What surprised you most? I think the right word is shocked. What shocked me the most was how many things I started doing that I said I would never do because I hated it when my mom did it! I used to hate going to church and proclaimed when I had kids, I wouldn’t have them go to Church…my girls are having their First Communion this summer.

Growing up, when my brother and I used to fight, my mom would never pass judgement on fault unless she had witnessed it. She would say “If I didn’t see it, I don’t want to know, you need to figure it out.” This made me so mad, but now I know use that same line.

How do you practice daily self-care? Other people’s glass of wine is my workout. That is how I express my self-care. Whether it’s a run, a pilates or yoga class, not only do I need it but I have no guilt when I do it because I know it makes me a better person.

Healthiest daily habit you practice? Going to bed right after I put my kids to bed.

And worst? Looking at my phone in the middle of the night.

How have your priorities shifted over the last few years? I want my kids to know they come first. If you would have told me years ago I would be the head of the PTA at school I would have laughed in your face. But I want to be involved in the community where my kids spend the majority of their days. Since my husband lives in the Bay Area for 10 months out of the year, being at practices and games and performances take precedent over everything and that is a welcome adjustment.

I also realize that I need to take care of myself as much as I am taking care of the kids. So going to bed early, drinking water, all of the things I encourage my kids to do I also try to do! And of course when my husband is home, leaving the kids to do a date night or a short vacation is essential.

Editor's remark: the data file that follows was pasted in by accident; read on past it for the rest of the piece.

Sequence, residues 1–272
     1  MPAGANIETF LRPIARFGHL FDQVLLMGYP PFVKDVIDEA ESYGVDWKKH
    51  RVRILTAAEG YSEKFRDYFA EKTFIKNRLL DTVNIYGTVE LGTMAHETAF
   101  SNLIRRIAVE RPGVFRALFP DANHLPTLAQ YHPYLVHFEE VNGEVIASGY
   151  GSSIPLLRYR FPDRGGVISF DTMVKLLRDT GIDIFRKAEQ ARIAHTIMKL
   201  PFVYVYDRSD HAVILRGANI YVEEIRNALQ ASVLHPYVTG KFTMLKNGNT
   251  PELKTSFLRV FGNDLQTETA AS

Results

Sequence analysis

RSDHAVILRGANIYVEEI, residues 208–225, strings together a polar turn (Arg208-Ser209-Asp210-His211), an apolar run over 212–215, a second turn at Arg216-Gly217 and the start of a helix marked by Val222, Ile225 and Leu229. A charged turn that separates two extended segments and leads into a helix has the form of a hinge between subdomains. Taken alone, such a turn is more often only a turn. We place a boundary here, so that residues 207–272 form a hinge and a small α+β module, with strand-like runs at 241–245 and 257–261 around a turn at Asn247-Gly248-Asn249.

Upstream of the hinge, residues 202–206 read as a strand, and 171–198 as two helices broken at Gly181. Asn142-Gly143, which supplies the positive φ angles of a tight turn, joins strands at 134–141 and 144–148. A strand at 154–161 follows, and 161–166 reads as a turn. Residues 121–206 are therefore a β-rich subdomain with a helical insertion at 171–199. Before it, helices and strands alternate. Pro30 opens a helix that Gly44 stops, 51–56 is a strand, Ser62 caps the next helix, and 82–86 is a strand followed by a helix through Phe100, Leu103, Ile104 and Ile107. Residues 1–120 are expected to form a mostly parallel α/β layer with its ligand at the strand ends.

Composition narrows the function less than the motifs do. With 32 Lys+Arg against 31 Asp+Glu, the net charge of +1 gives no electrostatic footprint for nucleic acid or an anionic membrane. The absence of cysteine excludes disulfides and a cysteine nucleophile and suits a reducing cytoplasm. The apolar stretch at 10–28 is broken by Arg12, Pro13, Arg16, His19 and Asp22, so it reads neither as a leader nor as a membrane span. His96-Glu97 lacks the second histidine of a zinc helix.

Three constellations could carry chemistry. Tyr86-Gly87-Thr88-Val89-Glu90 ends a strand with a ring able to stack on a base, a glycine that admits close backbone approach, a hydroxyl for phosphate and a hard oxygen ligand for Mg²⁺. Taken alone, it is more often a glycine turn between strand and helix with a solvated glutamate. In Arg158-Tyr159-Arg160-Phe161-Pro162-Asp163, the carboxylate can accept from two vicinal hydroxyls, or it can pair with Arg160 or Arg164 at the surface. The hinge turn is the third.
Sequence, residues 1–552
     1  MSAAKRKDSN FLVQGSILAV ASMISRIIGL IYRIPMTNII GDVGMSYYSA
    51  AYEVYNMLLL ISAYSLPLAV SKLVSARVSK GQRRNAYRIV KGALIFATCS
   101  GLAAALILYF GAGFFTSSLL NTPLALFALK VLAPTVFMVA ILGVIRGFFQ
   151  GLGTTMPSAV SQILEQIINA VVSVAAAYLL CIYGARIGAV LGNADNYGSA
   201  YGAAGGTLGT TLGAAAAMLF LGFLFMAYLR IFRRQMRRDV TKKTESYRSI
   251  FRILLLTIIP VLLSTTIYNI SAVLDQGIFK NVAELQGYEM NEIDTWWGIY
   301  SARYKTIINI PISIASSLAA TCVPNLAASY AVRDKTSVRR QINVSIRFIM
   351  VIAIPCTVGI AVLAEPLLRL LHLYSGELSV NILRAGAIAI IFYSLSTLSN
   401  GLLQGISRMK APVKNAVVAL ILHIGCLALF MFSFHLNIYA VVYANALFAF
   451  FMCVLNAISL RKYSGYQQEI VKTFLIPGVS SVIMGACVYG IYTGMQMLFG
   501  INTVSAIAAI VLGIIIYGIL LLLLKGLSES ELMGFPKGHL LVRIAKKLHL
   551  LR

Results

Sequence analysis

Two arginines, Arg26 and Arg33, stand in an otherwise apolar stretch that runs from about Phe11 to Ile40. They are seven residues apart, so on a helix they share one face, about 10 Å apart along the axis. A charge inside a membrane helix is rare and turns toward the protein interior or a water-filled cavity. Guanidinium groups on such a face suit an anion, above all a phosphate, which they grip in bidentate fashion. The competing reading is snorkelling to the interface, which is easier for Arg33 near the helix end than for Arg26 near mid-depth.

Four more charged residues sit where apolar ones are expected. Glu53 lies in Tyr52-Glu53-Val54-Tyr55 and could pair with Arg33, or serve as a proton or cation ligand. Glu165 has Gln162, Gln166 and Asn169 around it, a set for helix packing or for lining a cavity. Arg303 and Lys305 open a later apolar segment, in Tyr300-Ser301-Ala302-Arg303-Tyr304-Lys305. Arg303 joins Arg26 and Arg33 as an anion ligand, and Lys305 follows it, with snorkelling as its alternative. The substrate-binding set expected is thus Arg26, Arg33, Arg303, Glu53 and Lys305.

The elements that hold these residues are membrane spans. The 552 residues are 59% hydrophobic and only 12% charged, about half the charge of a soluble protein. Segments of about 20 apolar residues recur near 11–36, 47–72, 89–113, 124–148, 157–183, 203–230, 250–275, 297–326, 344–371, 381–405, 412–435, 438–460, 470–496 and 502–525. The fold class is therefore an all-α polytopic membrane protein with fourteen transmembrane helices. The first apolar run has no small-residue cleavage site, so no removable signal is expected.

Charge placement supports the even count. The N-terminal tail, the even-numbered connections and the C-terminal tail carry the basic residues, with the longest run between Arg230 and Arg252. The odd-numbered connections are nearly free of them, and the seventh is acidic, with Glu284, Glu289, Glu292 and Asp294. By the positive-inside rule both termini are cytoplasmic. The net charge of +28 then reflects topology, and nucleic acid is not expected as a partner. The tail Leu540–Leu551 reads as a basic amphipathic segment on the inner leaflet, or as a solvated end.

Piece of advice you want all women to have as they transition into motherhood? My best piece of advice is to not compare yourself or your kids to anyone else. This parenting role will go on for the rest of your life and it isn’t worth wasting your energy to continue to look around you and compare.  Embrace who you are and who your children are!

Extra: Elsa has rallied her network to collect goods (backpacks, toiletries, blankets, books and toys) for Casa Cornelia and Border Angels. Elsa and her community have distributed hundreds of boxes.


 

Alex founded Hello My Tribe not because she was an expert on motherhood, but because she was a mom who desperately needed support and community. During those tough first months of motherhood, Alex spent day after day reading and learning about motherhood. She learned: 1. She wasn’t alone in her feelings about motherhood. 2. Everything we could have ever dreamt of existed for the baby, but there was a lack of resources for the woman/mother 3. There are many maternal health issues in our country that need attention and need to be addressed. Hello My Tribe was built upon these needs. Previous to launching Hello My Tribe in 2016, Alex was a professional and volunteer fundraiser, raising millions of dollars for non-profit organizations. Alex lives in Austin, TX.